Global markets brace for a nervous week ahead over Omicron concerns


As of 1:30 am ET on Monday, Japan’s Nikkei 225 (N225) was down about 1.6%, while Hong Kong’s Hang Seng Index (HSI) had dipped 1.2%. South Korea’s Kospi (KOSPI) and Australia’s S&P/ASX 200 each edged down about 0.9% and 0.5%, respectively. China’s Shanghai Composite (SHCOMP) was flat.
But in the United States, stock futures pointed up. Dow futures, S&P 500 futures and Nasdaq futures each gained rose 0.5%, 0.8% and 1%, respectively.
Oil prices showed an upswing, too. Brent crude, the global benchmark, was up more than 3% to about $75 a barrel, as US crude jumped 4% to $71.
But analysts are still bracing for signs of how the Omicron variant could endanger more lives, disrupt the global economy and continue to affect markets after a dramatic sell-off on Friday.

Fear of the unknown

The Omicron variant of the coronavirus has prompted a fresh round of travel restrictions across the world, and raised concern about what may be next in the pandemic.
On Friday, the World Health Organization (WHO) designated the strain as a “variant of concern,” and said that multiple studies on it were underway.
That was followed by an update from the organization on Sunday, which urged people to continue social distancing, wear masks and maintain hand hygiene.

“It is not yet clear whether Omicron is more transmissible … compared to other variants, including Delta,” the WHO said.

“[The] WHO is working with technical partners to understand the potential impact of this variant on our existing countermeasures, including vaccines.”

In a note Saturday, Nohshad Shah of Goldman Sachs said that it was too early for analysts to “draw conclusions” just yet.

“It should be stressed that at this stage we have very little laboratory evidence and very limited real world data,” he noted.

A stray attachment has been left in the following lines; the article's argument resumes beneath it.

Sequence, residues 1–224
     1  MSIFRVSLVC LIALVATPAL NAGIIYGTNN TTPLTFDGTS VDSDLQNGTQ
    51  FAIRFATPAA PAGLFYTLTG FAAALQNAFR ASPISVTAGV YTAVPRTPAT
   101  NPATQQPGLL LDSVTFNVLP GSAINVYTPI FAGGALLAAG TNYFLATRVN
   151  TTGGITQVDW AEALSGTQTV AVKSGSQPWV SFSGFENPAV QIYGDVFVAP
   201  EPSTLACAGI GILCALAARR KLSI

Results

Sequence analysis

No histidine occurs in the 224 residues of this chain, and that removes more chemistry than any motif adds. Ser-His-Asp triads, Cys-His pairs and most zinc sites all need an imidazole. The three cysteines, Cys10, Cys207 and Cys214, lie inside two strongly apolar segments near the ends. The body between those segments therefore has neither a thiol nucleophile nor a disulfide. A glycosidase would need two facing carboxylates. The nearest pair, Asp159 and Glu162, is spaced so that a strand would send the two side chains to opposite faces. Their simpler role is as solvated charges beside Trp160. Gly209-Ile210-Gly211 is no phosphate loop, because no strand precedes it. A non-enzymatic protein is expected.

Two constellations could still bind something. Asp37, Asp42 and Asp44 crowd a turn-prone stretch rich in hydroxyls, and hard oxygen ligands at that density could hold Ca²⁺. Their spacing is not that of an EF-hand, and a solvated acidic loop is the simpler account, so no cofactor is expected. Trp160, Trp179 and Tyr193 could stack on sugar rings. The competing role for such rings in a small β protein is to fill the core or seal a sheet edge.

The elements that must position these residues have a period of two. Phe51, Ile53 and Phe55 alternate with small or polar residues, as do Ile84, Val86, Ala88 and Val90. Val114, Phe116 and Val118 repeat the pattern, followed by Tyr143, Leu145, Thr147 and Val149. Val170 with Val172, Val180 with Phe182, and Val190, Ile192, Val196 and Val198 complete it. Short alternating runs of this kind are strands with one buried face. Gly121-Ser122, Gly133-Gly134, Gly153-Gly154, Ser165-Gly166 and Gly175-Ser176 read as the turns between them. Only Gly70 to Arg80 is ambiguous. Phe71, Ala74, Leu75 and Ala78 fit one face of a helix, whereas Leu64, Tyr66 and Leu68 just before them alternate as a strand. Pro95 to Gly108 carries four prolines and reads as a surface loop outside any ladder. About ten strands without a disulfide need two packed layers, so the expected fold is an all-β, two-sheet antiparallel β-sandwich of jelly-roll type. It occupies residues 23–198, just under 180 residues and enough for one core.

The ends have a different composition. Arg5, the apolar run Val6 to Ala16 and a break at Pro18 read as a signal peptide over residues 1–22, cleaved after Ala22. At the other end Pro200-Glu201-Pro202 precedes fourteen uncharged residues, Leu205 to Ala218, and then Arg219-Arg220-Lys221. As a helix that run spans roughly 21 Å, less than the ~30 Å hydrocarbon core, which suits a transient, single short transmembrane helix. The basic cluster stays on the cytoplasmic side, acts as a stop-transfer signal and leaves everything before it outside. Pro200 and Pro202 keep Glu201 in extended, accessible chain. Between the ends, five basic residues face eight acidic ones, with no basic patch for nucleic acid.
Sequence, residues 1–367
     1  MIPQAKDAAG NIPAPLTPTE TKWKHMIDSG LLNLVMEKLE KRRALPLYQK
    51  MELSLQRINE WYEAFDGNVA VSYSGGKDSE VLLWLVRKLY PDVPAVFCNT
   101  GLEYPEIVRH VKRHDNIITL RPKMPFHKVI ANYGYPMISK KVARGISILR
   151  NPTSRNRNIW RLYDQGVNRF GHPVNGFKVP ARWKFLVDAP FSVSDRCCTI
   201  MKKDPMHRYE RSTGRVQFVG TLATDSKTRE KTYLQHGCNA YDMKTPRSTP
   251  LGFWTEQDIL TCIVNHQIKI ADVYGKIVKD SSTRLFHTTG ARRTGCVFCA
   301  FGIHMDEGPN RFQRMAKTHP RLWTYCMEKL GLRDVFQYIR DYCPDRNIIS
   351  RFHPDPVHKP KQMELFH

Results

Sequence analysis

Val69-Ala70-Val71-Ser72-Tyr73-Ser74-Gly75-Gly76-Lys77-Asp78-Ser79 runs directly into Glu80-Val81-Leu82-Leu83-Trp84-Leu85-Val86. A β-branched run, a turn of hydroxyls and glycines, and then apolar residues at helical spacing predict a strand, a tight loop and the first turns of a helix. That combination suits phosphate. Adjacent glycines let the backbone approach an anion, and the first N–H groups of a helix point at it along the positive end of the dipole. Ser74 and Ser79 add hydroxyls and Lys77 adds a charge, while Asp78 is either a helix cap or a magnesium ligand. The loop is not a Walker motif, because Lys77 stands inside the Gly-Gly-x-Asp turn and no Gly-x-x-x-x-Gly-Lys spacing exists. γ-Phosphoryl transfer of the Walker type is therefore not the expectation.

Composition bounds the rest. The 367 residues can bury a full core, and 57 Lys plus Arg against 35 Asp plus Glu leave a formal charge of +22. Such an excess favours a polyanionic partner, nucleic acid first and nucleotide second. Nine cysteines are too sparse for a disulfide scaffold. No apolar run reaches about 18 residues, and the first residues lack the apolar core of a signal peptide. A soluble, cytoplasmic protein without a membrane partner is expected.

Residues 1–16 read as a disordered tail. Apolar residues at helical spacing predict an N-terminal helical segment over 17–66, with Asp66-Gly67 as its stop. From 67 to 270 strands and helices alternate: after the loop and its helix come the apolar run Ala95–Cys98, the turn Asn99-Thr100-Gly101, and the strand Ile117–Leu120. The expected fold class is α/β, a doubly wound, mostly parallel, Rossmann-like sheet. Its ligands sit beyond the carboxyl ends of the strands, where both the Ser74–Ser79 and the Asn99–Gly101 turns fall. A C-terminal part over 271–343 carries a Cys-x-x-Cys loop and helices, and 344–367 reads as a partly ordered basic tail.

But “the [selloff] after Friday’s news about the new variant of concern was a reminder of the heightened macro volatility in the current environment,” Shah, co-head of interest rates sales for Europe, the Middle East and Africa, wrote. “The next couple of weeks could be pretty nervy for markets.”

Dow logs worst day in over a year as fears over new Covid-19 variant grip global markets

In a report Sunday, economists at Morgan Stanley said the emergence of the new strain posed “a near-term risk” to their outlook for Asia.

“However, with a much higher share of vaccinated population, the downside risk to growth could be less than what transpired in mid-2021, provided that the variant is not more challenging than Delta,” they added, referring to the highly contagious Delta variant that was first detected earlier this year.

“To assess the Omicron variant’s impact, we are watching for details on its transmissibility and impact on vaccine efficacy as well as on hospitalizations and mortality rates.”

Markets slammed

On Friday, stocks around the world fell as fear gripped global markets. Oil prices plunged more than 10%.

In the United States, the Dow (INDU) logged its worst day in over a year, plummeting 905 points, or 2.5%.
The S&P 500 (SPX) also had its worst day since February, closing down 2.3%.
For the Nasdaq Composite (COMP), it was the worst day since September. The index finished down 2.2%.

Friday had a shortened trading session in the US that ended around lunchtime, after markets were closed Thursday for Thanksgiving. Traditionally, the half-day session is lower in trading volume, which can exacerbate the swings in the market.

Dan Ives, managing director of equity research at Wedbush Securities, wrote in a note over the weekend that his team viewed the rout on Friday “as a clear buying opportunity.”

“Ultimately this is not the first or last variant scare,” he said.

“While volatility and news flow around this situation will grab the headlines, our tech [investing] playbook remains unchanged.”

-— Anneken Tappe, Christina Maxouris and Laura He contributed to this report.



[ad_3]

Leave a Comment

Your email address will not be published. Required fields are marked *